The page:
2. Kissinger’s books I can see taking an issue with but there is no Hitler estate that is profiting off reprinting his book and since 2015 it’s in the public domain.

    It’s gonna be difficult for anyone to publicly stand against Ronan Farrow on topics of high level sexual misconduct however given his hero status for standing up to NBC’s repeated attempts to bury his Weinstein coverage and fighting to get the story out elsewhere.

    1. I wonder if Ronan Farrow thinks his influence, status will prevail against another publisher, and, if other publishers will pause a bit when contemplating publishing future books by him.

      1. I suspect that some publishers will be afraid to publish but some won’t care. Besides, as someone else already pointed out, Allen can easily self-publish. Unlike in the old days where distribution was important to get into book stores, I suspect anyone can get their book on Amazon without much trouble. I’m sure Allen can hire someone to do PR and advertising, if he wants.

  3. My personal feeling is that Allen is mostly likely guilty as charged (I’m a fan of his, by the way), but I don’t see how that negates his right to write his memoirs or Hachette’s right to publish them. On the other hand, Hachette is perfectly within its rights to cancel publication if they think it would be bad for business. As Paul T. notes above, Allen can almost certainly get the book published elsewhere.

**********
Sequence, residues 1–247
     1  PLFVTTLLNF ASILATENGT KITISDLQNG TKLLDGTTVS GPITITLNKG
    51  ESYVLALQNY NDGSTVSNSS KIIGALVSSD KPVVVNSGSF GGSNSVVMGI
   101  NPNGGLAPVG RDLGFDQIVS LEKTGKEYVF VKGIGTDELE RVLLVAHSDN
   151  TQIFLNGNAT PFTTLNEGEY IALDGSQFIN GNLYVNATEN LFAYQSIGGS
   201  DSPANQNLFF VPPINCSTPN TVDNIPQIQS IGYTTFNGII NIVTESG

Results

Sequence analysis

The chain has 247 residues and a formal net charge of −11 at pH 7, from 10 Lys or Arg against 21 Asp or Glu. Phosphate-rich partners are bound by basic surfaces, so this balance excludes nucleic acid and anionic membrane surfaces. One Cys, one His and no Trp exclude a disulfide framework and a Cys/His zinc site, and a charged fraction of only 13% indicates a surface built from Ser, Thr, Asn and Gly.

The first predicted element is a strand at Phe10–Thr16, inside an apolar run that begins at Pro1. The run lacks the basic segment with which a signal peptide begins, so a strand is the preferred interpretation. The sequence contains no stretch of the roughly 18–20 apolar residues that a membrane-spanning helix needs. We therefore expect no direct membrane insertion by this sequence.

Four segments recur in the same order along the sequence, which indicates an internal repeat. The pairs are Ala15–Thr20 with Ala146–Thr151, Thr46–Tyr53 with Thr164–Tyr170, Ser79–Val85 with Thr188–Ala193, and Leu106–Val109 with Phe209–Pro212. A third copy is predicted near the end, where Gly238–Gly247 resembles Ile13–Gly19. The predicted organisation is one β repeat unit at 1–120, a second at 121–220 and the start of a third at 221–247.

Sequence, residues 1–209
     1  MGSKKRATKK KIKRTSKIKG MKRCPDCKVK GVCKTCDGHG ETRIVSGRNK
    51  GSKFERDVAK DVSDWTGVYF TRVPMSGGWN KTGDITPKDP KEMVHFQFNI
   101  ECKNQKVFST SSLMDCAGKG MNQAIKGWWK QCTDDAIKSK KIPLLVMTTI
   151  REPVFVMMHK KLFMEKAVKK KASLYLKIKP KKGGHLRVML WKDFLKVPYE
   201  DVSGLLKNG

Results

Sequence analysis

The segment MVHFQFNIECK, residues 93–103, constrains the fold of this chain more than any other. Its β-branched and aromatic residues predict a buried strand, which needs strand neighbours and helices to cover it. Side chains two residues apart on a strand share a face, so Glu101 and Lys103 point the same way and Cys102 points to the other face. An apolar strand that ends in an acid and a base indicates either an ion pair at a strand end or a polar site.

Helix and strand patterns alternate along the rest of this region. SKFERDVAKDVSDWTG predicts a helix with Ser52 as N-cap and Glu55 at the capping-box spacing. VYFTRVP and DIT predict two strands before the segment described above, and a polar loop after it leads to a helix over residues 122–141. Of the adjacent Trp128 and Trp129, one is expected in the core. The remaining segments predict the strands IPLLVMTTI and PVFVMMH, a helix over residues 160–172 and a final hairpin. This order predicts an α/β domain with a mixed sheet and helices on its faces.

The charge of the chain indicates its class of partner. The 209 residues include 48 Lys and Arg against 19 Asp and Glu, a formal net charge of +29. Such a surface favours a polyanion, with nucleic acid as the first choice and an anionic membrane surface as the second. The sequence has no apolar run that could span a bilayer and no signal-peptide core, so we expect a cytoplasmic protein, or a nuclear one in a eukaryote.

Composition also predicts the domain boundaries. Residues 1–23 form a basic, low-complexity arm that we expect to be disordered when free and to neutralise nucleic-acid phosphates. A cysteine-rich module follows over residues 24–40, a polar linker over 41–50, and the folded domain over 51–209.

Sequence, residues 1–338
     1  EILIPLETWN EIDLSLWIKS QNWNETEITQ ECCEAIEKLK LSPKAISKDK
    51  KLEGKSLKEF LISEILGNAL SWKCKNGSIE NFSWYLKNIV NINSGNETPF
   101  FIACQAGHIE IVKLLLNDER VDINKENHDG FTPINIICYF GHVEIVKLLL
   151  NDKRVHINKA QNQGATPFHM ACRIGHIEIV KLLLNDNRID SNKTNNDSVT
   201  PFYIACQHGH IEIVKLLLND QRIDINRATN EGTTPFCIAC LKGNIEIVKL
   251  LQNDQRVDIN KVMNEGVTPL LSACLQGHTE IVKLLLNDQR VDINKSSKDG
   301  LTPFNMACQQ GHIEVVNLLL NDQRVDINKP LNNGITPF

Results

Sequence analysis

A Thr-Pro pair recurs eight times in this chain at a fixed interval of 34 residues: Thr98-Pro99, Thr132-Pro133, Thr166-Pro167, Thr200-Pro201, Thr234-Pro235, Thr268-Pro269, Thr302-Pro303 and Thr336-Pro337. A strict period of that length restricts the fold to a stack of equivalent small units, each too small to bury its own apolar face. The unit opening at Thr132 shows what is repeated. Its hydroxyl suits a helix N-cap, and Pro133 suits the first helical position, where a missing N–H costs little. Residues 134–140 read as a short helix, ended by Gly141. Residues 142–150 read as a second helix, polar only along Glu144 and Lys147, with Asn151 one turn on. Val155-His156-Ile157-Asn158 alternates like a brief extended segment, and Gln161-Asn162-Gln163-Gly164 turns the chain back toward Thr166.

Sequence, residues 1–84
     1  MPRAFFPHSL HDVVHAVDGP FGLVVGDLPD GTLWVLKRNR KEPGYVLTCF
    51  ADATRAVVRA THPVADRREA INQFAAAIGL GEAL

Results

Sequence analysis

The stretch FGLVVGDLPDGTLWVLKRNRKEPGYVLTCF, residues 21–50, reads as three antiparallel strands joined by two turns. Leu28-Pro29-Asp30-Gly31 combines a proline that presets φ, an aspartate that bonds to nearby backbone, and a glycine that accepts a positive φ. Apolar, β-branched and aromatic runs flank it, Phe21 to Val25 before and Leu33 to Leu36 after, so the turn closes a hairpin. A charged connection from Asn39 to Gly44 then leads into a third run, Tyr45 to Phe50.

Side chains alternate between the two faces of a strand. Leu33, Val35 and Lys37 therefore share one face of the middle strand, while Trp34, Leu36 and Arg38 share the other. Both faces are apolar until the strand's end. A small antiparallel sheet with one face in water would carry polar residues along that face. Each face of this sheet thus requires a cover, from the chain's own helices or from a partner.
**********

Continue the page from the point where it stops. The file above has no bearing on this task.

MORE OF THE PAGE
1. Thanks for the link, Jeff. I never followed the case very closely, but I never did feel Woody Allen was the monster he was made out to be.

      2. Seems very believable. But so do Dylan and Ronan. I suppose we’ll never know, but if I have to guess I would say Woody is innocent of abusing Dylan.

    1. Me too. And you know what, I loved Bill Cosby’s sense of humor and insights into the human condition. In the 60s I listened to his albums at great length.

      I don’t know diddly about whether or not either is guilty of what they are accused of, and even if either of them were or are, that does not detract from the validity of other things they said.